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Book Review: What Men Should Know About Women

From William Shakespeare to John Dunn, poetry has a unique ability to tug on the heart strings, stir emotions, convey deeper meanings, and even transport the reader to another time and place. In the case of Erica M. Loberg’s work What Men Should Know About Women, I experienced each of the above; however, the experience was not a positive one and I found myself in a place I never wanted to be as a reader.

Loberg’s take on “what men should know about women” is divided into three loose chapters, covering the topics of self, the body, women, and the city. Her foray into examining the concept of self includes estimations of self-worth based on physical appearance, the struggle of the woman to reconcile reality with the image of perfection often presented, as well as the general struggles of overcoming, fighting adversity, encountering depression, and submitting to discouragement.

The body chapter paints a picture of a woman’s insecurity over thinning hair and weight gain, with an oh-so-subtle side order of eating disorder. The portion entitled “women” is a discussion of what the reader would assume are Loberg’s own emotional feelings and thoughts, of which 90 percent discuss sex in some way. The 10 percent that mentions love and genuine connection is written in such a way that the reader is left to assume that the poet has never experienced a satisfying or deep connection. Finally, the city portion takes on the tone of an observer walking through the streets of a busy metropolis, taking the time to note the sounds, smells, thoughts and feelings of all around, including the asphalt.

Poetry is highly subjective; poetry is highly emotional and incredibly personal. Loberg’s attempt strikes me as an honest and vulnerable cry from an equally emotional heart. Loberg communicates from a background of manic depression, thus tinging the poems with swings of desperation, drops of depression and spurts of mania. In this sense, it exhibits the honest perspective of those fighting through this disease, and would likely be relatable to such an individual. Its tone is highly provocative and Loberg speaks of sex with an unusual candor that elevates the poetry from beyond sensual to openly erotic. Considering the ratio of erotic verse to non, it also demonstrates the high importance of sexuality to the poet.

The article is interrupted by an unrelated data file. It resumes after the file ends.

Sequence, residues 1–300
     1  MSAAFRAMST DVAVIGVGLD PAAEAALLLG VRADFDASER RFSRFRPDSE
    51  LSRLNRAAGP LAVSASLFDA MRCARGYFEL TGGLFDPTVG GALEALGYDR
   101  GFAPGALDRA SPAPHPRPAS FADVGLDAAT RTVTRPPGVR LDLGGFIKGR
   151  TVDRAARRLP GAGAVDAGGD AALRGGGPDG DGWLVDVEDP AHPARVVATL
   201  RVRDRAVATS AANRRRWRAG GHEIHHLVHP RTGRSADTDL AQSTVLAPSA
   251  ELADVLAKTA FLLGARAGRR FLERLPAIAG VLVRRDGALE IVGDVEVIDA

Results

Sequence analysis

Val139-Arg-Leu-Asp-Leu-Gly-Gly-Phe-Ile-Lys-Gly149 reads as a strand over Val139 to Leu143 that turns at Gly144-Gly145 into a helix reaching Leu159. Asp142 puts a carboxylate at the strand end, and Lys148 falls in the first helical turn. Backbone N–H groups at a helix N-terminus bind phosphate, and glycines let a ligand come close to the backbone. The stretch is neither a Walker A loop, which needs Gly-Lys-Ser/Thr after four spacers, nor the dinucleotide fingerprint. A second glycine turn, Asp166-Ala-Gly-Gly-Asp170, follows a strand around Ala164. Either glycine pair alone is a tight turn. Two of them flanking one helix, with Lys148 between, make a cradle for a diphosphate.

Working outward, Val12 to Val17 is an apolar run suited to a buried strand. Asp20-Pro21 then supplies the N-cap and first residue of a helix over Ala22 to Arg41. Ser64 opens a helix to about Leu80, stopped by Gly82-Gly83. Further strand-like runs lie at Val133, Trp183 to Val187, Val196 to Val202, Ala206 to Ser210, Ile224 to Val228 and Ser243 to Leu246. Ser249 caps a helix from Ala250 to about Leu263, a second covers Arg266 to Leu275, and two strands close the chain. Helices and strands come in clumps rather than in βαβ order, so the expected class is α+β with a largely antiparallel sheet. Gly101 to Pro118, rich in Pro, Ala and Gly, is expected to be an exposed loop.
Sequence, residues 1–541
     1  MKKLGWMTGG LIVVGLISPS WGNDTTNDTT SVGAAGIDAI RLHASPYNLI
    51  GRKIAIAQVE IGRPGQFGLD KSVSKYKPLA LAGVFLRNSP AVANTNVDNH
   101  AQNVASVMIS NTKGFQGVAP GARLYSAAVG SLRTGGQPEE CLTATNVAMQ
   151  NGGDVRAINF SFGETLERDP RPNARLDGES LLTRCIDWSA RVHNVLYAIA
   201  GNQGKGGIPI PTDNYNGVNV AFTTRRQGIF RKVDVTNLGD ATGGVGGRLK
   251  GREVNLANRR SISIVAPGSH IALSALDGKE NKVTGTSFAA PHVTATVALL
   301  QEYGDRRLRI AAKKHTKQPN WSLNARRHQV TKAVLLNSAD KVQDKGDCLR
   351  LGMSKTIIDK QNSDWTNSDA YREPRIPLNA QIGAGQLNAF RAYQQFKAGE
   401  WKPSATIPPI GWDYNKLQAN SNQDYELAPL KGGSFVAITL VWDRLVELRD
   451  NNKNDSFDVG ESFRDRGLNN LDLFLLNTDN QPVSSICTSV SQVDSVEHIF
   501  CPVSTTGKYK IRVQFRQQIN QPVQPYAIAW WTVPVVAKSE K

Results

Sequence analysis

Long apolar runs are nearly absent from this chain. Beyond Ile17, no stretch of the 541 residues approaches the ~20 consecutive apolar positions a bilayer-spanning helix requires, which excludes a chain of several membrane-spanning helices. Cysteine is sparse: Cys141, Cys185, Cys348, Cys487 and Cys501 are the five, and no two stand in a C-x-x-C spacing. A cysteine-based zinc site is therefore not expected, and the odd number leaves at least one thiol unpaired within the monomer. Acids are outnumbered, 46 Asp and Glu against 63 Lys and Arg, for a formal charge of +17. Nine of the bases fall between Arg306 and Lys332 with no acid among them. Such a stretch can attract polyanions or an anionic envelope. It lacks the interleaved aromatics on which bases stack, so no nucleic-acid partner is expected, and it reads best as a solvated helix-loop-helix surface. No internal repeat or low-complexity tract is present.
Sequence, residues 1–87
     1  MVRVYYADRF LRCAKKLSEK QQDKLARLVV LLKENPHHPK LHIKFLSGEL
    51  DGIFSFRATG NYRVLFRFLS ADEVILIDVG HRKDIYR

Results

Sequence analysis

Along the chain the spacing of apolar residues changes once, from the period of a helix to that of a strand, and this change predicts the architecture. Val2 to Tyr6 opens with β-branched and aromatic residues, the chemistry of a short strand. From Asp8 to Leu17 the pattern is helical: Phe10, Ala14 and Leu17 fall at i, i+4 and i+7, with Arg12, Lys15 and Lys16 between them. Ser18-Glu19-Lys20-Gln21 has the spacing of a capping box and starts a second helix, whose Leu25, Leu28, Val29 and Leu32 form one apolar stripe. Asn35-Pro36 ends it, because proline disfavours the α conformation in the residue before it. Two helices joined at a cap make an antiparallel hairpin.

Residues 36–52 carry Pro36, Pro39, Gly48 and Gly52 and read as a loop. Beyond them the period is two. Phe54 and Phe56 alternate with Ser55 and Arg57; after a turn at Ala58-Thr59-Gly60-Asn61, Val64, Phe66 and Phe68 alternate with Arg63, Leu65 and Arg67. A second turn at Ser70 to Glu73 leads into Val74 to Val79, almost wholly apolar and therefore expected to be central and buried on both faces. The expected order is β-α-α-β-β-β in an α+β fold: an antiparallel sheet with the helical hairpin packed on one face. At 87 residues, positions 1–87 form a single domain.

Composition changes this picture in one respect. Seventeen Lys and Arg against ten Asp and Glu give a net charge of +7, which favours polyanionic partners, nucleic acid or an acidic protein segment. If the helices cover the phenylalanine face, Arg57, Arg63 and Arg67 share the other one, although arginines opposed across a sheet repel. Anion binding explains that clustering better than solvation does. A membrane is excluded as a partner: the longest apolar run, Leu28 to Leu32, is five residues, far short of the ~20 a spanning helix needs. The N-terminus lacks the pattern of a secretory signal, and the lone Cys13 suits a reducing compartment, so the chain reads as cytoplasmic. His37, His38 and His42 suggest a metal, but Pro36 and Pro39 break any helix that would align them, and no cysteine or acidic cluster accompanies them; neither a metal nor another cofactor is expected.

Despite its subjective and “open-to-interpretation” nature, poetry is still an art form, and a review of such a body must base its suppositions on the nature of that art itself. In its simplicity, lack of clear rhythm, ability to incite an emotional response, and to paint a strong picture for the reader, this is a successful work of verse.

Conversely, the content, while true to the poet’s experience, is derogatory, degrading, diminutive of human nature, and insulting. The content degrades a woman’s experience of her self to that of a piece of human flesh that is dominated by negative self-image, what seem to be abusive relationships, and loveless sexual encounters. An off-hand introspective about only waxing for the right man and what he would do in response implies the woman’s role as sex toy and object, thus further promoting all that feminism has fought for years to eradicate.

The verses approaching talks of love and depth of feeling were correlated to the quality of sexual encounters, promoting the ideology that the two are not mutually exclusive. Reading the verse did not inspire or enthrall me as a reader; instead, it saddened me to see a woman who thought so little of herself publicly degrading herself even further. As a reader who has walked through depression, some of these poems would have been triggering to me. For that reason, I don’t recommend it to those fighting feelings of low self-worth and battling sex addiction because this verse will only fuel both of those thoughts.

While it is an honest expose of the poet’s experience, it does not strike me as poetry, but as a verbal regurgitation of the poet’s own swirling emotions. If this was Loberg’s aim, then I say a job well done; however, I would not crack open the work again.

What Men Should Know About Women

Chipmunkapublishing, June 2015

Paperback, 144 pages


Book Review: What Men Should Know About Women

Psych Central's Recommendation:
Not worth your time

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Bethany Duarte

APA Reference
Duarte, B. (2016). Book Review: What Men Should Know About Women. Psych Central. Retrieved on October 28, 2020, from
Scientifically Reviewed
Last updated: 21 Jul 2016
Last reviewed: By a member of our scientific advisory board on 21 Jul 2016
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